Yep, you heard me right. You could see your first chapter here at UB, critted by moi and everyone else who pops in this week. All you have to do is send it to me at unicornbellsubmissions@gmail.com. I will take the first first chapter I get and over the course of the week I will critique it for character, pacing, grammar, and flow - among other things. Hopefully our followers will chime in with their opinions as well which will give one lucky person a lot of feedback on that all-important first chapter. Because if an agent doesn't like your first chapter, she probably isn't going read any further.


Friday, April 26, 2013

Learn to Laugh About It

The last bit of advice I have for this week is learn to laugh about your own writing mistakes. 

I forgot how valuable a gift this is until I was sitting at writer's group last night. Since moving to AR I've found the best writing group ever. We have so much fun together while becoming better writers.

Last night we laughed so hard we couldn't breathe. Why? One writer read some of her first draft stuff for us. You see, that's what we do. We bring 6-10 pages of our WIPs to read out loud to the group and then everyone weighs in with their thoughts. We all write different genres and we are all in different places in the process. It makes for a great time.

So, this lovely writer calls herself a "beginner" but she writes with a lot of humor. Add phrases like "trying to calm my bodies annoying reactions" along with some other phrases that hit all of us as funny at 9 PM.

Ex: "resigned to the new boy debriefing"--which was NOT what it sounds like. OMGosh we were crying we laughed so hard.

We all write funny things when we are getting our stories out of our heads and onto the page. At that point you're not supposed to be self editing anyway. However, sometimes we miss things in the subsequent revisions. Instead of getting embarrassed and upset by it, just laugh it off.

Trust me, its a lot more fun that way.

Thursday, April 25, 2013

Objective vs. Subjective

Here's a little video for you to clarify the difference between objective and subjective. The monotone narrator is slightly sleep inducing, but if you listen to what she's saying it's fascinating. My favorite line is "a cougar clawing at your brain."

So, placement of quotation marks, commas, verb tense matching and parts of speech are all objective things. There are rules that define them.

The way a writer arranges words on the page are subjective simply because our personal experiences and perceptions affect how we receive them.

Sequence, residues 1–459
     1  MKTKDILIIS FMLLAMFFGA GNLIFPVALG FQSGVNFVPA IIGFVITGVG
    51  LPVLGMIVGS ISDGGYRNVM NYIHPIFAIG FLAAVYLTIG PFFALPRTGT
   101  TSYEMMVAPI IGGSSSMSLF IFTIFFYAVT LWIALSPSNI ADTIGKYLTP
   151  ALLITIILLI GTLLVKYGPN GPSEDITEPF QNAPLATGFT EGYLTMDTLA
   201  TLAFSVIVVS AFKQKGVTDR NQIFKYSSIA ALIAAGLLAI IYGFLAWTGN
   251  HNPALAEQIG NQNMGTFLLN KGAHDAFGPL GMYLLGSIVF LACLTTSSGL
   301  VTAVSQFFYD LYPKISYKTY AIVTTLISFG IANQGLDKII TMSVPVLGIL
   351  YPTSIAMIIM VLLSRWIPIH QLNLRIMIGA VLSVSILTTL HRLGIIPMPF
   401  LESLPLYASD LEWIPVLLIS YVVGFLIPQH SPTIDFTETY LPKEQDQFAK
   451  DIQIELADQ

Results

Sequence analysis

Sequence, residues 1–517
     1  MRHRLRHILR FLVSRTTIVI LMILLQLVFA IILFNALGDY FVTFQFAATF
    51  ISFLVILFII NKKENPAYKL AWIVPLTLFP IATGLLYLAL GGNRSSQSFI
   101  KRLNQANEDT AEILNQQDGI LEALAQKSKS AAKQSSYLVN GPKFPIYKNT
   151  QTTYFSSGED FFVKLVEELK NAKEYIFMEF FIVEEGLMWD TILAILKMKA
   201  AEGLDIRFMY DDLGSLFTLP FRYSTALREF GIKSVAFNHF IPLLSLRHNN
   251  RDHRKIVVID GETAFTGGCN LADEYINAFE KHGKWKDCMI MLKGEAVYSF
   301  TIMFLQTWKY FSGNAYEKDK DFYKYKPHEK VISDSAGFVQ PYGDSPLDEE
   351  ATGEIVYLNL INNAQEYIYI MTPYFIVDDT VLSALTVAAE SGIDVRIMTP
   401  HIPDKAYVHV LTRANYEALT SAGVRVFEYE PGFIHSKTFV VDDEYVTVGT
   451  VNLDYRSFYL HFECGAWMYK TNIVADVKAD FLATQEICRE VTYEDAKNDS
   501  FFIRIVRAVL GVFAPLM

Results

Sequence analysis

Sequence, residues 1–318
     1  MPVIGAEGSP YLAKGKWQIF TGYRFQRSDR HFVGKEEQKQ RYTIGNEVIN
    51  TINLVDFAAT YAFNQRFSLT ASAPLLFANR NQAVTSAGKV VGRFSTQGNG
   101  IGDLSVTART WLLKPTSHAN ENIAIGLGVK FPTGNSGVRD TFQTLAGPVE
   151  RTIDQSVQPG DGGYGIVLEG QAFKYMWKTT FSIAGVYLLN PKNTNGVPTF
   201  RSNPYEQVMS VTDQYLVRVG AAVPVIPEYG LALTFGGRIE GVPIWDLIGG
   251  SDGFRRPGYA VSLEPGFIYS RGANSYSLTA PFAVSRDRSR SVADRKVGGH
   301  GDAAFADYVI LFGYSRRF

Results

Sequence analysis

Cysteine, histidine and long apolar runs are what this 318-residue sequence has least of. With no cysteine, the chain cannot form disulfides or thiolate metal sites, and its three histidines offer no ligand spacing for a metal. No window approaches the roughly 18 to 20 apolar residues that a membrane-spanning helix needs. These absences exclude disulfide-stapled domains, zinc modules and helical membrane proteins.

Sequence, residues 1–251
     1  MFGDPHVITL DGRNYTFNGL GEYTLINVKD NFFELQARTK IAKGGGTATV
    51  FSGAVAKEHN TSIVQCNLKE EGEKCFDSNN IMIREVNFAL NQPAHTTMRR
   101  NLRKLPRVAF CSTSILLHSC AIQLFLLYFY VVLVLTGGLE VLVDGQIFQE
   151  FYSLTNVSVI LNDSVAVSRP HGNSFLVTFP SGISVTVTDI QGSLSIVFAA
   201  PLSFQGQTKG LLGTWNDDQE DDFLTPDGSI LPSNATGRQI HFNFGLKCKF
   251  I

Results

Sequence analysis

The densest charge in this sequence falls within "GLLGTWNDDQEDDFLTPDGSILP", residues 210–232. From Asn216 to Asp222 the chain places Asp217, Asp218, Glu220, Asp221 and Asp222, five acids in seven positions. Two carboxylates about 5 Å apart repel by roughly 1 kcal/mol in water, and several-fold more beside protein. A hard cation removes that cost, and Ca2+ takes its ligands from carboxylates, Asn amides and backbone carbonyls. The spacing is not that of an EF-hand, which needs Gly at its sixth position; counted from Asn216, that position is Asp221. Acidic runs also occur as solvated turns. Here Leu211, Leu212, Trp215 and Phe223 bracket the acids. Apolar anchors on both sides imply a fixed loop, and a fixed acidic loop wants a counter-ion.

Got it?

Wednesday, April 24, 2013

The Best Way to Look at Critiques

I'm sure you're wondering what yesterday's post was all about. What does subjectiveness have to do with weekly meetings and upcoming events at UB?

Well, I had hoped to get enough comments to show that given a high enough sampling there would be a fairly even split in opinion. (how do you like all those wishy washy words in that sentence?) However, things don't often work out how we plan. ;)

Anyway, last weekend we started discussing some fun contests and events for you and I wanted to remind you that even our judging is subjective. We try to look at things like content, flow, mechanics, verb usage, etc, however we are human. Each of us has our favorite styles and genres and it affects how we see things. We can't help it.

What does this mean for you?

Never give up because of an unfavorable comment or critique on your work.

Coming to UB:

  • In the next week or so we will be having a fun query contest with prizes. I'll let Carol fill you in on all the details, but keep your eyes open. 
  • Keep working on your novel revisions because we've already started planning QueryCon for this fall! I'm really excited about this one because last year Tara Tyler grabbed a book contract as a result. If you missed it last year, QueryCon is a three week intensive Query class/workshop/contest. We are already looking into agents and publishers we would like to invite to be judges. 

Tuesday, April 23, 2013

Why is Reading and Writing So Subjective?

Each one of us is different. We like different things and it colors how we read and write. This also makes it hard to know how much detail and background tidbits we should add to our writing.

I personally like little snippets that give a glimpse into my characters past--the things that make them who they are at the time of the story. Let me share an example of what I mean.

Here are two snippets from my novel The Magic Wakes.


She finished the last signature and pushed the papers toward him. He paused before giving her the pass in his hand.

"I would love to take you to dinner, Miss Zaryn. Show you around Joharadin."

Talia's mouth dropped open for the second time that day. She looked him over, wondering if she could bear to give dating another shot. He looked to be about her height, brown eyed and plain in every way except his build. His muscles barely fit in his uniform, giving him a stiff pained look around the shoulders. Her mind drifted to her school days. Another boy, tall, built, and popular. He asked her out once too. On a dare. The memory still prickled.

"I'm sorry, I can't." She grabbed the pass, and bolted for the security gate.